So I got in touch with Vic Curtis, senior vice president of Costco’s pharmacy operations, and asked him how he did it.
“It’s no secret,” he replied. “We keep our costs down, operate efficiently and pass along our savings to customers.”
Specifically, Curtis said, Costco doesn’t spend money on TV or print ads and thus doesn’t have to pass along those costs to customers. He also said many Costco pharmacies are open primarily when people shop — 10 a.m. to 7 p.m. — not around the clock. This lowers overhead.
Operational differences are important. Costco has traded the convenience of having a drugstore in every neighborhood for the savings available to a big-box retailer.
Even so, there’s still a huge gap between many of Costco’s drug prices and those of rival pharmacies. Is Curtis selling popular drugs at a loss to get people into the store?
“Never,” he said. “We always get a profit. We never lose money on the operation of a pharmacy or on any given prescription.”
Kind of makes you wonder whether other drugstores are simply ripping people off with absurd markups for generics.
I contacted Walgreens, Target and CVS to ask why their drug prices were typically a lot higher than Costco’s. None offered a direct answer to that question, but each defended its prices as being fair and reasonable.
“In addition to convenient locations and hours, it’s important to consider the level of service a drugstore and its pharmacists provide,” said Jim Cohn, a Walgreens spokesman.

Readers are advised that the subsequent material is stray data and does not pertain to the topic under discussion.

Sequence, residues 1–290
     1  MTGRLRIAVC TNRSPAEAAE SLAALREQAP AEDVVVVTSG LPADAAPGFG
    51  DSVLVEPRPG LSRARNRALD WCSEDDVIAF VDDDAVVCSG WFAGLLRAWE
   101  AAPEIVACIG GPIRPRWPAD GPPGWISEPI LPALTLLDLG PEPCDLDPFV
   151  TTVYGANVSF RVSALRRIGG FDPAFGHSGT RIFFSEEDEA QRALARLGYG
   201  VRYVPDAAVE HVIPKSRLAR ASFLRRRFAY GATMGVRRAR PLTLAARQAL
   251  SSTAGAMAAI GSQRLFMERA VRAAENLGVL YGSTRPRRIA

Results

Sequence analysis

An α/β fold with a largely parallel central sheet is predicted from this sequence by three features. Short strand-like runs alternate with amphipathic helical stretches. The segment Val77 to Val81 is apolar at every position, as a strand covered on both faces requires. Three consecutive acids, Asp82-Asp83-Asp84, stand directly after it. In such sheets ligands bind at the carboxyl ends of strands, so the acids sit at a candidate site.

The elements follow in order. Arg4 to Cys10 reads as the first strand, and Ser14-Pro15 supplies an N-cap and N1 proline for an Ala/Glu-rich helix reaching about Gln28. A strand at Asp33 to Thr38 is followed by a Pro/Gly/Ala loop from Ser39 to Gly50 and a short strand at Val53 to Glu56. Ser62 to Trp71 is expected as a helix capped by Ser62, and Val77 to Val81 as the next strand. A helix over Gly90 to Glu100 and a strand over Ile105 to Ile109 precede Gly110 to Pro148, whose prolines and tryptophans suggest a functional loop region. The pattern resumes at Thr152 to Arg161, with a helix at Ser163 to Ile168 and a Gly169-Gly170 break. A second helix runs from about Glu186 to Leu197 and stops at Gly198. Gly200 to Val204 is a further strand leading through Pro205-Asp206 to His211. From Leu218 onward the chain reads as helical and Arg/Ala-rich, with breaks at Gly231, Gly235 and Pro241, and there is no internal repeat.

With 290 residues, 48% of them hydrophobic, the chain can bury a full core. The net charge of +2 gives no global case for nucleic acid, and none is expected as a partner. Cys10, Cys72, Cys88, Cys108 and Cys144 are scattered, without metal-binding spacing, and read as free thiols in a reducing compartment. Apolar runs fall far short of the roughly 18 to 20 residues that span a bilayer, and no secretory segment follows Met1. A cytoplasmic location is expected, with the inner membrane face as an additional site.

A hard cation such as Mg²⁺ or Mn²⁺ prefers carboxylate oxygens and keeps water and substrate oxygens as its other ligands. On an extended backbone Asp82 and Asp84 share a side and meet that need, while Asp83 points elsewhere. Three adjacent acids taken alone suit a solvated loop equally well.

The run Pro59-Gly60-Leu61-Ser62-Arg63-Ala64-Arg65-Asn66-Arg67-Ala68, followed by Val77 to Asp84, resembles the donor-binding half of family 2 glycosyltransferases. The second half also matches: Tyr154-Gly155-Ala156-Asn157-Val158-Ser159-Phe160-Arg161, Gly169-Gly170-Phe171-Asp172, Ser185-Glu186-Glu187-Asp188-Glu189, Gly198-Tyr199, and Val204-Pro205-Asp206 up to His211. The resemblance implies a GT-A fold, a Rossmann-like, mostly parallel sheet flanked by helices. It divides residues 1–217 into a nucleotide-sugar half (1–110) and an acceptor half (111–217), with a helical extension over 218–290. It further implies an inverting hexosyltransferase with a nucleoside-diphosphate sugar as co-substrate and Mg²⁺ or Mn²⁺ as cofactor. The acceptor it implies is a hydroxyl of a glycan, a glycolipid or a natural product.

“Our services include 24/7 online pharmacy access, drive-through service, automated refills, prescription labels available in 14 languages and more 24-hour locations than all drugstore chains combined,” he said.
Jamie Bastian, a Target spokeswoman, said that “many factors can impact pharmacy charges, including a guest’s insurance plan, price changes from manufacturers, whether a provider has named the pharmacy a preferred location and the guest’s deductible.”
Mike DeAngelis, a CVS spokesman, said that pricing surveys, whether conducted by an individual or Consumer Reports, “are not effective in accurately comparing prices between pharmacies, due to various value, discount and third-party insurance programs.”
What I’m hearing from these big chains is that drug prices are complicated, so don’t go thinking that it’s just about who can offer a generic drug for less.
What I’m hearing from Costco is that drug prices are relatively simple, and that it’s all about who can offer a generic drug for less.
It’s up to each of us to choose which viewpoint they agree with, and how important it is not to have to drive miles to fill a prescription. I have to admit convenience is a factor for me, although not worth a possible markup of $100.
Lowther had no trouble making up his mind. He transferred all his prescriptions to Costco.
David Lazarus’ column runs Tuesdays and Fridays. He also can be seen daily on KTLA-TV Channel 5 and followed on Twitter @Davidlaz. Send your tips or feedback to firstname.lastname@example.org.